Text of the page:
I ordered this after reading everything O'Donnell read under the pen name Madeline Brent. No wonder our dreary American cousins reading rubbish like Batman or Flash Gordon or even Wonder Woman for comparison! This is the first novel in the Modesty Blaise series, and gives the readers some background on the characters. The novel's advantage is that O'Donnell gets the space to work on some characterization of the two main characters, Modesty and Willie Garvin, and the villains though movie Bondish, even they get enough quirks to be at least mildly interesting. And, Bond and Blaise both face-off against larger than life villains. Modesty herself is no plaster saint; I didn't approve of everything she's done in her life, or every aspect of her lifestyle now. The Modesty Blaise series was a great action series, featuring the title character and her assistant, Willie Garvin. The heroine is played by the Italian actress Monica Vitti in her first English-speaking role- something I have always regarded as an uninspired piece of casting because Vitti's spoken English was not particularly fluent, although she certainly had the looks for the part.
This, the first, finds Sir Gerald Tarrant, the head of the Service, contemplating a task for which he has neither the personnel, the facilities nor the skill-set: to protect from attempted theft the payments from H. The pair are formal criminals, of the sort of 'moral criminal' that fiction allows. Hamlin Buz Sawyer -- The War in the Pacific Buz Sawyer -- Sultry's Tiger Flash Gordon -- Star Over Atlantis Roy Crane's Captain Easy Here are some of the strips currently featured in Comics Revue. I felt that making the film in this way was a mistake. A subscription plan is available for future issues.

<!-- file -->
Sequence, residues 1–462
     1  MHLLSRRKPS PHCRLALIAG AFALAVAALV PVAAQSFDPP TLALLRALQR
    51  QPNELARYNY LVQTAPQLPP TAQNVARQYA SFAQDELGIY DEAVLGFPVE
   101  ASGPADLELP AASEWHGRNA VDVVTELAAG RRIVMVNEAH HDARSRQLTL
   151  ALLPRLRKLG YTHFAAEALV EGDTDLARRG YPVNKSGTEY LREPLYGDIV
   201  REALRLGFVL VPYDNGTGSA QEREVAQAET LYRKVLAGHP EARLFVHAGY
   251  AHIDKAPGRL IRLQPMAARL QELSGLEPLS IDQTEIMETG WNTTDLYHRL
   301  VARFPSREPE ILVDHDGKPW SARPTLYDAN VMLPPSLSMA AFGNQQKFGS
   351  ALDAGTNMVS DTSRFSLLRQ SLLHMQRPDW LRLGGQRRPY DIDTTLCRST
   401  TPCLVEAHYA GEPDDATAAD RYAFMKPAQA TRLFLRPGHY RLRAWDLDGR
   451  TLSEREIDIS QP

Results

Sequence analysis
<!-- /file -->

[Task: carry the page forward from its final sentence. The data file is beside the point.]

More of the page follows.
The plot, set in what appears to be Los Angeles, involves Modesty and Willie preventing the kidnap of a young girl who turns out to be a computer genius and has been working for Tarrant's agency. Beat James Bond all to heck. They both work for the British Secret Service, Bond usually and Modesty quite frequently. He writes action scenes that are clear, vivid and gripping; and he sets his action in the context of a moral framework --recognizable good is pitted here against genuine evil, and O'Donnell makes us root wholeheartedly for the former and despise the latter. When he gives the information to Modesty, Tarrant is does so telling her that there are no strings attached to his gift, thereby winning her gratitude and promised help should he need it in the future. At that point, I had read about the Modesty Blaise strips, but hadn't seen any full stories and was aware of the campy 60's film.
Her bond with her sidekick Willie was also refreshing, unlike the relationship with Hagan. Circumstances bring her back into action, though in this time she is working in the employ of British Intelligence. The basic plot is a simple one; Modesty is recruited by British Intelligence to foil a plan by gang of jewel thieves to intercept a shipment of diamonds to a Middle Eastern sheikh. In 2001, O'Donnell decided on a more upbeat ending to the comic strip. I kept one copy of the book and the other was sent to the artist. She is an athletic woman in her late twenties, in peak physical condition.